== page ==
Rodent pups exposed to hyperoxia develop lung changes similar to bronchopulmonary dysplasia (BPD) in extremely premature infants. Oxidative stress from hyperoxia can injure developing lungs through endoplasmic reticulum (ER) stress. Early caffeine treatment decreases the rate of BPD, but the mechanisms remain unclear. We hypothesized that caffeine attenuates hyperoxia-induced lung injury through its chemical chaperone property. Sprague-Dawley rat pups were raised either in 90 (hyperoxia) or 21% (normoxia) oxygen from postnatal day 1 (P1) to postnatal day 10 (P10) and then recovered in 21% oxygen until P21. Caffeine (20 mg/kg) or normal saline (control) was administered intraperitoneally daily starting from P2. Lungs were inflation-fixed for histology or snap-frozen for immunoblots. Blood caffeine levels were measured in treated pups at euthanasia and were found to be 18.4 ± 4.9 μg/ml. Hyperoxia impaired alveolar formation and increased ER stress markers and downstream effectors; caffeine treatment attenuated these changes at P10. Caffeine also attenuated the hyperoxia-induced activation of cyclooxygenase-2 and markers of apoptosis. In conclusion, hyperoxia-induced alveolar growth impairment is mediated, in part, by ER stress. Early caffeine treatment protects developing lungs from hyperoxia-induced injury by attenuating ER stress.
- bronchopulmonary dysplasia
- endoplasmic reticulum
bronchopulmonary dysplasia (BPD) is a common but serious lung disorder among extremely premature infants. Currently, BPD primarily affects premature infants born at <30 wk gestation, when the lungs are at saccular stage of development (36). More than 10,000 BPD cases are newly diagnosed each year in the United States (33). The majority of the infants with BPD require prolonged oxygen therapy to maintain their oxygenation (29), and up to one-third will develop pulmonary hypertension as a complication (5). The mortality risk increases to 50% for BPD infants who develop pulmonary hypertension (23). Survivors of BPD suffer from decreased exercise tolerance and impaired lung function into adulthood (51). Early caffeine treatment was shown to decrease BPD incidence in premature infants (42) and is widely used in clinical practice (30). However, the mechanisms involved in caffeine-mediated protection from BPD remain unclear. Delineation of these mechanisms could potentially lead to additional targeted therapies to prevent or ameliorate BPD.
Premature infants are more susceptible to oxidative injury secondary to their inadequate antioxidant defenses as well as their impaired upregulation in response to oxidant stress (26). Endoplasmic reticulum (ER), which mediates protein synthesis, folding, and modification, is sensitive to oxidative stress. ER responds to oxidative stress by unfolded protein response (UPR) to handle the increased need for protein folding or increased protein damage (32). Three ER transmembrane proteins are involved in UPR initiation: inositol-requiring enzyme 1α (IRE1α), PKR-like ER kinase (PERK), and activating transcription factor 6 (ATF6). These three proteins interact with binding immunoglobulin protein (BiP), an ER chaperone, to keep them inactive in the absence of oxidative stress. On ER stress, BiP dissociates from these three proteins to activate UPR by modification of downstream effectors, including the splicing of X-box binding protein 1 (XBP1) mRNA and cleavage of ATF6, and increase CCAAT/enhancer binding protein (C/EBP) homologous protein (CHOP) levels (37). Activated PERK and ATF6 can reciprocally increase the transcription and translation of BiP under oxidative stress.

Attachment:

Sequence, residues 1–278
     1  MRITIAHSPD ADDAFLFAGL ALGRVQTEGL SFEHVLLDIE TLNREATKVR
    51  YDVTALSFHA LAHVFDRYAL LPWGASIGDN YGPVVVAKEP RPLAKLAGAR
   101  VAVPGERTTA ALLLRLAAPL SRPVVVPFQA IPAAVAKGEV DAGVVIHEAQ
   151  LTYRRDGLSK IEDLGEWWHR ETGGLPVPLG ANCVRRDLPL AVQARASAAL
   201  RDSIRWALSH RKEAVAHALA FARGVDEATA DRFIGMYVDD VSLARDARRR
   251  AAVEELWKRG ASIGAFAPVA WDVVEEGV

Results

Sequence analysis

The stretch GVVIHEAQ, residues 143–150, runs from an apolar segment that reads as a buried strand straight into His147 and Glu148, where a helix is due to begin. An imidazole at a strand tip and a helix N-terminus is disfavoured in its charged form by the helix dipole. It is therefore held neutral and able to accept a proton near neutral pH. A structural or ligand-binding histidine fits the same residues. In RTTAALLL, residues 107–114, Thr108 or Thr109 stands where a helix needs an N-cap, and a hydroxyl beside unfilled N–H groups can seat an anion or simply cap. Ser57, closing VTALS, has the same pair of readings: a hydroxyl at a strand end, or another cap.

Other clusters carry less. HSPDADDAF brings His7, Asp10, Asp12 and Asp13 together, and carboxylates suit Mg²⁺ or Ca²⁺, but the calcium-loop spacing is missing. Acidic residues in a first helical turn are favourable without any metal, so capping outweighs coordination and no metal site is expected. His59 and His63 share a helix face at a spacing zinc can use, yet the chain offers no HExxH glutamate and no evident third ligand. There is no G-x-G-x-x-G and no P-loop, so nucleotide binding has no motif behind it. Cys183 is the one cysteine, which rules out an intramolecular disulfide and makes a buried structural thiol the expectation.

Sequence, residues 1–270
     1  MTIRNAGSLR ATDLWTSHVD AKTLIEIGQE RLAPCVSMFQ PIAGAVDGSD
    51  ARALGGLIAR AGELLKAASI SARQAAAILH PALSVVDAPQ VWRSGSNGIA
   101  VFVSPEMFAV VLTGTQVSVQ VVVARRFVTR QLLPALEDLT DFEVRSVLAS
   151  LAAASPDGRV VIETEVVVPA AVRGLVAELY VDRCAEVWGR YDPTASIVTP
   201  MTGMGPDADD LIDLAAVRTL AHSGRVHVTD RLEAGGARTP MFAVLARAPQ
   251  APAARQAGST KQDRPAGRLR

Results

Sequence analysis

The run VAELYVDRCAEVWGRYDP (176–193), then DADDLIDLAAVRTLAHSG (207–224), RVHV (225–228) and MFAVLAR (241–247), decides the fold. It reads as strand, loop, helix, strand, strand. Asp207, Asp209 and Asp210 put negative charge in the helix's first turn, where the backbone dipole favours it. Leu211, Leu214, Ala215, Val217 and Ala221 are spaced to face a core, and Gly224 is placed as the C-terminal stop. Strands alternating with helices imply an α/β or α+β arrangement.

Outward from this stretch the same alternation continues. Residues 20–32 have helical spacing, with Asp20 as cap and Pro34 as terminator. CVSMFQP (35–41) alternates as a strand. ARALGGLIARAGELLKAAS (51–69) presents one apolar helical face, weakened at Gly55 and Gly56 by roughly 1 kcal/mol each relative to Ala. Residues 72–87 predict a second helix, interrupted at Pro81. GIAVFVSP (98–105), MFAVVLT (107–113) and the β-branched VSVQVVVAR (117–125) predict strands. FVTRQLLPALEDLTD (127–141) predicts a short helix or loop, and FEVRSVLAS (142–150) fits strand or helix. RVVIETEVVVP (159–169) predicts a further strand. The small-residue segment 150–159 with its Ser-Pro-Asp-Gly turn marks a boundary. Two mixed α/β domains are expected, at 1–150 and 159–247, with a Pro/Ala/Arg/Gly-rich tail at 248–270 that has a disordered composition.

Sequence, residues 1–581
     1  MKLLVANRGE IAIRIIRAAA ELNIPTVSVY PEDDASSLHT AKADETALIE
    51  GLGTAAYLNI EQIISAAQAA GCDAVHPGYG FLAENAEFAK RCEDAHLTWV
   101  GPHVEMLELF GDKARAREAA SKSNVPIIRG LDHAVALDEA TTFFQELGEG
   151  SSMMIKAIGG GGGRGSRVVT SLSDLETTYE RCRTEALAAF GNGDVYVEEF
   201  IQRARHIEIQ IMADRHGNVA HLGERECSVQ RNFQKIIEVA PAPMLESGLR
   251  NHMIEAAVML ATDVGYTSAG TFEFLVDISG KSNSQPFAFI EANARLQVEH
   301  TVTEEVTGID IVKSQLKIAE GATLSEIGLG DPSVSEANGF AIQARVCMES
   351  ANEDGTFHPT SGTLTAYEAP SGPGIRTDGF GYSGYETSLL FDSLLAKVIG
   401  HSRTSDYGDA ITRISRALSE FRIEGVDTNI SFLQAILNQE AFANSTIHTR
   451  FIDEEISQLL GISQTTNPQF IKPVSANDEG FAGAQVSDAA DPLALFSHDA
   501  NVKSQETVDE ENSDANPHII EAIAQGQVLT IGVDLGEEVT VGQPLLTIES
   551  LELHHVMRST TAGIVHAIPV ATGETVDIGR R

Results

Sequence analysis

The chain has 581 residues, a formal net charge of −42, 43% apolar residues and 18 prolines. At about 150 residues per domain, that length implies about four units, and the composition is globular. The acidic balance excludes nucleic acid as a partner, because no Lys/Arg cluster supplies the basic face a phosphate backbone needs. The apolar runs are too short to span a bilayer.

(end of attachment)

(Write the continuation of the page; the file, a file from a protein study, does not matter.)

UPR has three biological functions: adaptive response, feedback control, and cell fate (36). If the response is successful, UPR signaling pathway is turned off by feedback mechanisms. However, protein folding inside the ER also generates reactive oxygen species (ROS) that can potentially aggravate ER stress (41). Prolonged or exaggerated ER stress can overwhelm the initial coping mechanisms involving protein refolding and translation and lead to a vicious cycle of protein degradation and apoptosis (32). There is also a close interaction between ER and mitochondria through calcium sharing (50). During early phase of oxidative stress, the ER-mitochondrial coupling increases to promote mitochondrial bioenergetics and to facilitate the cell adaptation to stress (6). However, chronic ER stress leads to amplification of ROS formation and inflammation (21), which often leads to apoptosis (27) through both mitochondria-dependent and -independent pathways (46). Similar response is also seen in endothelial cells, which leads to impairment in angiogenesis (43) and vasodilation (17). Angiogenesis plays a vital role in postnatal lung development (1), and impaired angiogenesis contributes to the development of BPD (48). Both ER stress (9) and mitochondrial dysfunction (38) contribute to the growth arrest of alveoli in hyperoxia-exposed rodent pups. Increased cyclooxygenase-2 (Cox-2) expression is shown to be involved in ER stress and inflammation-induced lung injury in hyperoxia (9).